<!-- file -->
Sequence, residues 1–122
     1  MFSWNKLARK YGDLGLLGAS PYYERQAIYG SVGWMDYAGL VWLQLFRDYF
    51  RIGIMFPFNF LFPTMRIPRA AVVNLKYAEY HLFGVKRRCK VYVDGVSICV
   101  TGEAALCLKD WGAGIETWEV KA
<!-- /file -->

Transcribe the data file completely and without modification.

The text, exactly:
Sequence, residues 1–122
     1  MFSWNKLARK YGDLGLLGAS PYYERQAIYG SVGWMDYAGL VWLQLFRDYF
    51  RIGIMFPFNF LFPTMRIPRA AVVNLKYAEY HLFGVKRRCK VYVDGVSICV
   101  TGEAALCLKD WGAGIETWEV KA